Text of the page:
Between Monday, 19th to Thursday, 22nd December 2016, I undertook some exciting work experience at Lincoln County Hospital. After only just coming back from Medlink, I was buzzing to get a first-hand experience of life as a doctor.
Specifically designed for lower sixth form students, this 3.5 day course intended to help us gain an insight into the work a doctor does on a daily basis, and the skills required to undertake challenging tasks. We were also given helpful sessions in small groups on how to perfect our personal statements, and ace the UKCAT/BMAT and interview process; a clinical skills workshop got us taking blood and suturing skin (from fake skin of course!).
On the first day, whilst being given advice on the application process, I found that like Medlink, the idea of empathy and resilience was highly emphasised. It is vital for any potential medical student to understand the ability to have confidence, even when things get difficult, whilst maintaining a healthy work-life balance. Also, don’t be afraid to point out your weaknesses, just be prepared to talk about how you overcame them.
Whilst discussing, we found that there were many different reasons people wanted to apply – the variety in the career, the prospect of discovering new things that may have an impact, the life-long learning process, and having a chance to undertake research and reaching the pinnacle of cutting-edge technology – all these ideas are very good examples to include in your personal statement, as long as you don’t mention the cliché phrase: “I love science and helping people!”.
After this engaging session, we learnt a bit about infection control, by isolating patients to either protect other patients from getting infected (ie. diarrhoea spreading from faeces’ sprays) or to protect the patient from infection (eg. chemotherapy). At the current moment, Clostridium Difficile is roaming around hospitals, which lives in the human bowel and can cause diarrhoea if the ‘good bacteria’ that usually keep it in check are killed off (by antibiotics). It is important, therefore, to observe good hand hygiene by thoroughly washing your hands, to prevent infection spread.
Later on in the afternoon, we visited the operation theatre and got to watch two orthopaedic surgeries! Experiencing the process of anaesthesia and watching the surgeons operate was an amazing first-hand experience to actually learn how doctors manage to stay calm in intense situations, using social interaction, scientific knowledge and practical skills (surgery is a lot like carpentry – the use of drills, saws, hammers and cauters to burn tissue were frequent). One thing that surprised me was the huge role the anaesthetist had to undertake – as well as injecting the patient with the chemicals and muscle relaxants to make them unconscious, their blood pressure (which gets very low), oxygen, CO2 and breathing rate was constantly monitored and recorded throughout. Even though the actual operations were relatively small, with a girl’s toe bones being straightened and a nail being removed from a man’s leg, it was interesting to learn about the standard procedures undertaken – such as using iodine (which immobilises bacteria and viruses on skin) to clean the limb, a tight band to restrict blood flow and hence prevent excessive bleeding during the surgery, and finally making sure I stood behind the a line where dirty air was getting filtered out.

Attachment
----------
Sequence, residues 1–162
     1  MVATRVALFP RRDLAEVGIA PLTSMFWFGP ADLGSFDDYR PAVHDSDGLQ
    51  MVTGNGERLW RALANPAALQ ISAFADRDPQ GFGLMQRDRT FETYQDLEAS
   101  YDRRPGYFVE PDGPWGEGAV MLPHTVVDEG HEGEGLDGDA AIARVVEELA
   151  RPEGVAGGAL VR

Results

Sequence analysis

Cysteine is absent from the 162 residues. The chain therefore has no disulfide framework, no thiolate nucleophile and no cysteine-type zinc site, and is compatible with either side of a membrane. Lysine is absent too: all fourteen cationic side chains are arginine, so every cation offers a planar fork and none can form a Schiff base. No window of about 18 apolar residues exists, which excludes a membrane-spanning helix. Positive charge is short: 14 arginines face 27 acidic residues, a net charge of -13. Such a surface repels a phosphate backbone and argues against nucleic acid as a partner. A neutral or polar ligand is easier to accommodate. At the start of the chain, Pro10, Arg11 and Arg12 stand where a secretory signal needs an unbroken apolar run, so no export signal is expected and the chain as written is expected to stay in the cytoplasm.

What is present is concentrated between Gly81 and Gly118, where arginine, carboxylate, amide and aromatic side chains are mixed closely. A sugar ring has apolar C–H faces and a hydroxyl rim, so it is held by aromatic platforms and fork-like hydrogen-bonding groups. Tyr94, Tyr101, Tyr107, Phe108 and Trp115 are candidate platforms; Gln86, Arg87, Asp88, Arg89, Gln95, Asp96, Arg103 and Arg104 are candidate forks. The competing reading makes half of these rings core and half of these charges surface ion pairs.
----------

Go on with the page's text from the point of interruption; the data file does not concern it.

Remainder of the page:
However, the main thing I learnt from this was the idea of having a ‘multidisciplinary team’; I cannot stress enough the significance teamwork had in surgery, whether you were a surgeon or scrub nurse – being able to communicate effectively and having chemistry with your teammates could be between a matter of life and death. Also, as an anaesthetist, empathy is needed as you need to comfort the patient, and act as human as possible! They must let the patient know what they are doing (never take them on by surprise), and if there are any difficulties. Once again, the role of communication will help put the patient at ease, relaxing them and speeding up the process – it also allows you to undertake the procedure safely, and makes sure they’re not in excessive pain or allergic to any damaging substances.